Making Space:Sensing Place

In October 2009, along with artist Thurle Wright, I was awarded a Making Space:Sensing Place Fellowship; part of the HAT: Here and There International Exchange Programme, managed by A Fine Line:Cultural Practice. The Fellowship includes residencies with Britto Arts in Dhaka, Bangladesh, with Arts Reverie in Ahmedabad, Gujarat, with The V&A Museum of Childhood, Bethnal Green, London and with The Harley Gallery, Nottinghamshire. Working and collaborating with artists and craftspeople from the UK, Bangladesh and India, responding to the collections and spaces we encounter and sharing these experiences through a touring exhibition and educational workshops.

This blog, which is still developing and being added to, is a record of my experiences during the MS:SP Fellowship. Steven Follen.

Sunday, 21 February 2010


The Partition of India in 1947 led to the formation of a new independant Muslim state, Pakistan. This new state, developed from the 'two nation theory' of Mohammad Ali Jinnah, was split into two regions; West Pakistan to the north west of India and East Pakistan or East Bengal, some 1600km away to the east of India. Jinnahs' vision was that the two separate regions would be one nation of peoples, linked by their religion. Each region had its own rich and different cultural and linguistic traditions.
For ease of administration, in 1948 the government of Pakistan decreed that Urdu would be the state language of the nations two regions, to be used in governance, on official documents, the national currency and in schools. This sparked extensive opposition and protests amongst the majority Bangla speaking population of East Pakistan. This opposition developed into what has become known as the Language Movement and became a forerunner to the Independence Movement and the Liberation War of 1971.

Civil unrest followed the 1948 declaration, with the Pakistan police and army imposing curfews and a new law, Section 144 - the banning of rallies and public meetings. The opposition reached a peak on the 21st February 1952 when a large group gathered at the University of Dhaka in defiance of section 144. The group planned to march to the State Assembly Building to place their demand for Bangla as the state language. Police opened fire on the protesters and killed a number of individuals including Rafiq Uddin Ahmed, Abul Barkat, Abdus Salam and Abdul Jabbar. These individuals have become known as the language martyrs.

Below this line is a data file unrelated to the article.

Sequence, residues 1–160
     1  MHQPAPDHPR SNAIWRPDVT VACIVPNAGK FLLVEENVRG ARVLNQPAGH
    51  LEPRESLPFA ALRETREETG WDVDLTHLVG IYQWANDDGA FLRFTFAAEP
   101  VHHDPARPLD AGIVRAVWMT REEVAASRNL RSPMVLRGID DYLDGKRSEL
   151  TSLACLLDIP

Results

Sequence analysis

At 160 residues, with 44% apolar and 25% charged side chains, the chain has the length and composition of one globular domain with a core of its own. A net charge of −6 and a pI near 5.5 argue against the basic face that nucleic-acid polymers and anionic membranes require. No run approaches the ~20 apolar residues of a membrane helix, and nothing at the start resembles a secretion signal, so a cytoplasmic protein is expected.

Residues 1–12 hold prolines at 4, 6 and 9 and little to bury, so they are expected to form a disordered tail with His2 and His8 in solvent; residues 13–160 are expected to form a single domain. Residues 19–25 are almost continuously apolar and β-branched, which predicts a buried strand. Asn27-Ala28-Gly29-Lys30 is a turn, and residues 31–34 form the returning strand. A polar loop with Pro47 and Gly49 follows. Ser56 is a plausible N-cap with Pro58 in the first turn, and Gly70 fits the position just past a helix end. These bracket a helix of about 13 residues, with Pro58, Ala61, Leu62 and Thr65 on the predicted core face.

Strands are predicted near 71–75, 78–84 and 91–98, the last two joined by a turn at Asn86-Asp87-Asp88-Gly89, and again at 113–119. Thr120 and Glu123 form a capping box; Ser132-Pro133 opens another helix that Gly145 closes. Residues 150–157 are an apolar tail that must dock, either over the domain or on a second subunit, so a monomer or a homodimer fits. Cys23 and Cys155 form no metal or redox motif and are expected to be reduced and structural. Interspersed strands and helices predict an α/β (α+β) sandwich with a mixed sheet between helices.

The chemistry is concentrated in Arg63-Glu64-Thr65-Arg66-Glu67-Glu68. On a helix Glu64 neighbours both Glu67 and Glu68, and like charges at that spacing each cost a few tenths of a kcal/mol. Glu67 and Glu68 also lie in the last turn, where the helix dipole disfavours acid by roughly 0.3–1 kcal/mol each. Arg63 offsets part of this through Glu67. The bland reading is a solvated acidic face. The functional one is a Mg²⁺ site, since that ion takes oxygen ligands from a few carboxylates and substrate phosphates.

Within days of the shootings at Dhaka University a monument to commemorate the lives of those who had died. - The Shaheed Minar - was constructed on the site. 4 days later this was quickly demolished by the Pakistani army.
The foundation stone for a newly designed monument was laid in 1956. Construction work was interrupted during periods of marshal law and the work, still lacking elements of the original design, was 'completed' in 1963. This second design was subsequently destroyed, again by the Pakistani army, during the Liberation War in 1971.
A replica of the Shaheed minar has been constructed in Altab Ali Park, near Whitechapel, London for the Bangladeshi population living in the south of the UK, another has been built in Manchester. Learn more about the Shaheed Minar here: Shaheed Minar.
The Language movement, Ekushey February and the Shaheed Minar have come to represent Bengali nationalism and the battle for independence. The events of 1952 served not to stop the movement but to accelerate and focus the demands for greater autonomy and equality in the governance of East Pakistan and ultimately to the creation of an independent Bangladesh. In 1956 Bangla was recognised as a state language of Pakistan alongside Urdu.